The next day is the fun part: shaping the dumplings.  Lo gives instructions for the dough, but she also advocates buying fresh dumpling wrappers if available, so I picked some up at the Chinese supermarket.  I suspect that the wrappers I bought may be a bit bigger than what she was going for, though, since the recipe says it makes 36 dumplings and I got 16.  My siu mai looked exactly like the pictures in the book, only bigger.  Eh, what are you gonna do? 

So, shaping the dumplings.  The dumpling wrapper is a thin, circular piece of dough.  Take that into your left hand, and with the right scoop out a good bit of meat filling– three or four tablespoons, I’d say.  Smooth it onto the wrapper, and then use your fingers to fold and shape it.  You’re creating a little basket shape that’s open on top, and you want to flatten the filling on top so it all cooks evenly.  I used a cookie sheet to hold them while I was making them, and tapped the bottom on the cookie sheet so it was flat and stood up on its own.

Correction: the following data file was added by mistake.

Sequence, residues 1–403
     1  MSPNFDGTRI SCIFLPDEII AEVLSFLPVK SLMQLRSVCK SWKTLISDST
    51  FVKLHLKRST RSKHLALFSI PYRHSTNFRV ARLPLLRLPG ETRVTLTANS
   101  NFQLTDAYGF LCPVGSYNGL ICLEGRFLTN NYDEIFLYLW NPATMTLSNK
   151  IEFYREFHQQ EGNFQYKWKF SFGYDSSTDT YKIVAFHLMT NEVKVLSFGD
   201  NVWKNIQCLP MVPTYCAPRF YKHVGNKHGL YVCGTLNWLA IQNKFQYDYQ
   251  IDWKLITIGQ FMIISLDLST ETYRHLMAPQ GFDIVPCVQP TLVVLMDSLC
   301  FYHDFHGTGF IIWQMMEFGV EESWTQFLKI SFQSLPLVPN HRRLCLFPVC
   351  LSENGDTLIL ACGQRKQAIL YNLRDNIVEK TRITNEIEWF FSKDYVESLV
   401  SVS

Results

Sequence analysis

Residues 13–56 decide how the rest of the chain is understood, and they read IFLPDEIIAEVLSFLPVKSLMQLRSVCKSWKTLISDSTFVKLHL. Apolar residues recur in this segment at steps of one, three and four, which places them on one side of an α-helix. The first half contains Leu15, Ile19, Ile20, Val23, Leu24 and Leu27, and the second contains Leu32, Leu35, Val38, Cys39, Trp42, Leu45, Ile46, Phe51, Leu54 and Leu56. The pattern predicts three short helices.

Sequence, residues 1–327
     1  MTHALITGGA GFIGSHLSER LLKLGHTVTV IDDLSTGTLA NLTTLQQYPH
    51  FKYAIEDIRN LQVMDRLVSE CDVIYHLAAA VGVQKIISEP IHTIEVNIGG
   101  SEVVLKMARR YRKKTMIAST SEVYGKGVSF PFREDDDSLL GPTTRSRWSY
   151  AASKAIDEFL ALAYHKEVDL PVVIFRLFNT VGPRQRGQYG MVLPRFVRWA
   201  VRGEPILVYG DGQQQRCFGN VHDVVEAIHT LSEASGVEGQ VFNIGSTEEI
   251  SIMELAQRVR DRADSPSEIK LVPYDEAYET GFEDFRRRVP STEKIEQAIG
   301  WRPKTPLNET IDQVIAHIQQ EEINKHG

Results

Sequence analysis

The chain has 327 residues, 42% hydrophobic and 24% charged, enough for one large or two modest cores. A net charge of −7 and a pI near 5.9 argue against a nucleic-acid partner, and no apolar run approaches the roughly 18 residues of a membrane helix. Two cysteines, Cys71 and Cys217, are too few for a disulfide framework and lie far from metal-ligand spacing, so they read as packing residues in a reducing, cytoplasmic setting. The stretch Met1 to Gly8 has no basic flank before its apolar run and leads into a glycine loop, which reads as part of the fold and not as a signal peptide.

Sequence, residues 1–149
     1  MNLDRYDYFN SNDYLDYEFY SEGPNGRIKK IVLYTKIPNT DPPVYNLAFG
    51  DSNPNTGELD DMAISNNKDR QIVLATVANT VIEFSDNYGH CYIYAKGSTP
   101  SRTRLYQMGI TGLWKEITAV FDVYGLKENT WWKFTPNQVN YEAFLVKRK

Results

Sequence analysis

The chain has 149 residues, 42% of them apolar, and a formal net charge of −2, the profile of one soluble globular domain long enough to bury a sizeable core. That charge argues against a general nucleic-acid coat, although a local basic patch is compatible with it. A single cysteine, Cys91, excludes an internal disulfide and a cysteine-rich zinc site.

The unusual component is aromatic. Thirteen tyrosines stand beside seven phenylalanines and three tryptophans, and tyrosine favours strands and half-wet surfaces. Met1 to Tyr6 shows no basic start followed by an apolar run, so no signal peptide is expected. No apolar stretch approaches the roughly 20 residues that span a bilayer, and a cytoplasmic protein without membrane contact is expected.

Next, steaming time!  The recipe calls for 7 minutes in the steamer, but since they were big we did 10 minutes.  We steamed four at a time and they came out perfectly done and fragrant.  We put some dark mushroom soy sauce on them and oh my god, were they delicious.  The mushroom flavor was dominant, but shrimp and sesame were prominent too.   When they start to cool down, the dough starts to toughen a bit, so these are best eaten piping hot.

The great thing about these is that they freeze really well.  Once we’d eaten our fill, we let them cool and then froze them for about two hours on a cookie sheet, just enough to let them solidify.  Then we wrapped them up, put them in a ziploc bag and put them in the freezer for a rainy day!  Lo says they’ll last for about two months, and to heat them up you just need to steam them for 3-5 minutes.